NEW YORK - U.S. stock indexes edged higher in afternoon trading Monday, and the Standard & Poor's 500 index was within reach of setting a record high for the fifth time in six days. Technology stocks led the way.
The Standard & Poor's 500 index was up 4 points, or 0.2 percent, to 2,166 as of 2:17 p.m. ET. Its latest closing high is 2,163.75, set on Thursday. The Dow Jones industrial average rose 11 points, or 0.1 percent, to 18,528. The Nasdaq composite climbed 28, or 0.6 percent, to 5,058. Five of the 10 sectors that make up the S&P 500 were up.
This past weekend's attempted coup in Turkey, which caught investors' attention after most stock markets closed for trading Friday, initially triggered a jolt in the currency markets. But when stock markets around the world got their first opportunity for trading since the attempt, they largely held steady, and the Turkish lira recovered some of its steep losses.
"The market is looking at things with a half-full lens these days, and there's some basis for the market to take this in stride," said Matthew Peron, head of global equity at Northern Trust Asset Management.
The coup attempt was quickly halted. Plus, economic reports around the world have been coming in better than analysts expected. "There is a firmer footing to the global economy, and this isn't enough to knock that narrative," Peron said.
Technology stocks rose the most, 0.7 percent. Japanese tech company SoftBank Group is buying Britain's ARM Holdings for $32 billion in the first big acquisition announced since the United Kingdom voted to leave the European Union. SoftBank also owns Sprint. ARM's U.S.-listed shares soared $19.40, or 42 percent, to $66.49.
Financial stocks rose after Bank of America reported earnings that were better than analysts were expected. Banks have been struggling with low interest rates, which limit the profits they can make from making loans. Bank of America nevertheless reported a smaller decline in earnings than analysts forecast, due in part to higher trading revenue and cost cuts.
Bank of America jumped 54 cents, or 4 percent, to $14.20, the second-largest gain among stocks in the S&P 500.
Monday marked a flip of the leaderboard that investors have seen for much of the year. Financial stocks are the only sector of the S&P 500's 10 that are still down for the year, while technology has made one of the smallest gains.
For much of 2016, the types of stocks seen as the safest and steadiest have led the way. Telecom stocks, for example, are up nearly 22 percent when the S&P 500 is up less than 2 percent.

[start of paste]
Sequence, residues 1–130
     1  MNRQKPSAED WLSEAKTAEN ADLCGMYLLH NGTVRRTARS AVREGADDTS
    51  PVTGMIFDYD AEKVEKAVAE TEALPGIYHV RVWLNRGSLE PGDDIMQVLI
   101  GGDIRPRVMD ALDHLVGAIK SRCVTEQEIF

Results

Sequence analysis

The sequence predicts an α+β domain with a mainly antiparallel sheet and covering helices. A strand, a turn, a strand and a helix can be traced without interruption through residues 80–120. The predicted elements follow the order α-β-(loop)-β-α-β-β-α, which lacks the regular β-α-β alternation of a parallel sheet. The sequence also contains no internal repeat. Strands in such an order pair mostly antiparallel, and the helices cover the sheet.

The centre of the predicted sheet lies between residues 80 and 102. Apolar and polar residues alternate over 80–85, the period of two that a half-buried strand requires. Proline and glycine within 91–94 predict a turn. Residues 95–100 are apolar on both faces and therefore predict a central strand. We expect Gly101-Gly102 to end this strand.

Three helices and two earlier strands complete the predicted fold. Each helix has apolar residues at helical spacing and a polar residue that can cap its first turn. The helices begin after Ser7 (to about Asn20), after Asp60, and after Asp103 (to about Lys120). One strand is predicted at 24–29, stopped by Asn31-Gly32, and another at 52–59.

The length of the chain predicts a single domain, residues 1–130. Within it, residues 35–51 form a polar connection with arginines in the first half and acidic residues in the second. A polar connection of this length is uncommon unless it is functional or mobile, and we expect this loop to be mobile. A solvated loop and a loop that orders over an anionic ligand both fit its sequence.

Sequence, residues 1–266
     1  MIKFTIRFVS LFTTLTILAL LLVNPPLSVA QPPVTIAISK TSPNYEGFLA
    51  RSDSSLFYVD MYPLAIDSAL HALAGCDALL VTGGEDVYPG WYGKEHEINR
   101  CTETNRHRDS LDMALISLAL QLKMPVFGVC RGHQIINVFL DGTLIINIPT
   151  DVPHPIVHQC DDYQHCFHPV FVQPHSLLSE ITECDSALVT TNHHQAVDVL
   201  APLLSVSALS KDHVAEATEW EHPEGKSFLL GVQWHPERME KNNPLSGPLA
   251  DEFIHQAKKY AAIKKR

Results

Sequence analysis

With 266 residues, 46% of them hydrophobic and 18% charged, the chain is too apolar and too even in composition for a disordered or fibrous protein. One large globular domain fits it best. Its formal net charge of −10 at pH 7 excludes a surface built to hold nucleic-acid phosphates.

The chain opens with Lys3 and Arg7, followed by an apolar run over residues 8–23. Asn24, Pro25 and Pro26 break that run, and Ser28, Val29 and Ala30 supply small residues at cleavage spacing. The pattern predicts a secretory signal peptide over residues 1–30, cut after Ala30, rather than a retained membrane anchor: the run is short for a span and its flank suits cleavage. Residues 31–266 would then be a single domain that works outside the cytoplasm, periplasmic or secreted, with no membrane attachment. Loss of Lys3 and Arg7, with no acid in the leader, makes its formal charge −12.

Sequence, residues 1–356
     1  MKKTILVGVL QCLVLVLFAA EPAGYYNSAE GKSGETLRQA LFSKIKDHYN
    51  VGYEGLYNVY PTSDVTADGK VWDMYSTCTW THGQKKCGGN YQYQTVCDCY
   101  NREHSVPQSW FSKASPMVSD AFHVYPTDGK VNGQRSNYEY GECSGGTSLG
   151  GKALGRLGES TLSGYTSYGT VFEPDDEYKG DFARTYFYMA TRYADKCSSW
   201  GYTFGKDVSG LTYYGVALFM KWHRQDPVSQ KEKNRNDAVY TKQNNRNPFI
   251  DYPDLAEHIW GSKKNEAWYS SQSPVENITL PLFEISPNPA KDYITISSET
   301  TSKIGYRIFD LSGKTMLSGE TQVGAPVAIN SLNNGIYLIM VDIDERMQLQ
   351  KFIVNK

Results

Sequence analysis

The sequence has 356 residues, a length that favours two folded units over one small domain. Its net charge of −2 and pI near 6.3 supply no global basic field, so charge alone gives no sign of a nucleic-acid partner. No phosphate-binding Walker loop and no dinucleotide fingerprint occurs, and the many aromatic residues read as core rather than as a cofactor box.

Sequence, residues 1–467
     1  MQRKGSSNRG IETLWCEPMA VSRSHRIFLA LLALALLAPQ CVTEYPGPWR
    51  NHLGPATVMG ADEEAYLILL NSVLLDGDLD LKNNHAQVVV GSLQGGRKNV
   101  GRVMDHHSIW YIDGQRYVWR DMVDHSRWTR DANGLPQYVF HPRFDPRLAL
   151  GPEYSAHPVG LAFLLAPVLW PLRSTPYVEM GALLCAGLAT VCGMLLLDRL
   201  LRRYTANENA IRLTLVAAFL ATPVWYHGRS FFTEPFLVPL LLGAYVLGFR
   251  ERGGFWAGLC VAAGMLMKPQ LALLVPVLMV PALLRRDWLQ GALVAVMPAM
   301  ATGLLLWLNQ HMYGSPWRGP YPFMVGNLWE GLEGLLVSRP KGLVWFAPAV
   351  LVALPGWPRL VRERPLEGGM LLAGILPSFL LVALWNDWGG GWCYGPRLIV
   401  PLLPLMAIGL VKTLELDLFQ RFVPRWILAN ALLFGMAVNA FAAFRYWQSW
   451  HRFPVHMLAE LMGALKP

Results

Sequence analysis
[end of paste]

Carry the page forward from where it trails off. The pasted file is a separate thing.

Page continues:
Energy stocks lagged the market with a loss of 0.2 percent. They fell with the price of crude oil, which lost 77 cents, or 1.7 percent, to $45.18 per barrel. Brent crude fell 71 cents to $46.90 a barrel in London.
Hasbro was the worst-performing stock in the S&P 500. It fell $6.78, or 7.9 percent, to $78.84. The company reported better-than-expected overall quarterly earnings, but revenue growth for its boys' toy unit was slower than analysts expected. The unit produces 40 percent of the company's total revenue.
The traditional hiding spots investors have flocked to when scared were mixed. The price of gold was up 0.1 percent to $1,329 per ounce, but U.S. government bond prices fell. The yield on the 10-year Treasury note, which moves in the opposite direction of its price, rose to 1.58 percent from 1.55 percent late Friday.
A slew of companies are scheduled to report their quarterly earnings this week, including nearly a fifth of the S&P 500 index. Analysts have dim expectations, with forecasts for a fourth consecutive decline in earnings.
But many investors will be paying more attention to what companies have to say about upcoming earnings trends than how they did during the spring. Analysts are expecting earnings for the S&P 500 to return to growth in the current quarter, and investors hope to hear CEOs say at least that conditions are improving, if not good.
Britain's FTSE 100 rose 0.4 percent, France's CAC 40 was down 0.3 percent and South Korea's Kospi index rose 0.2 percent. Japan's stock market was closed for a holiday.
The dollar rose to 106.25 yen from 105.53 yen late Friday. The euro edged up to $1.1066 from $1.1063. The pound rose to $1.3283 from $1.3206.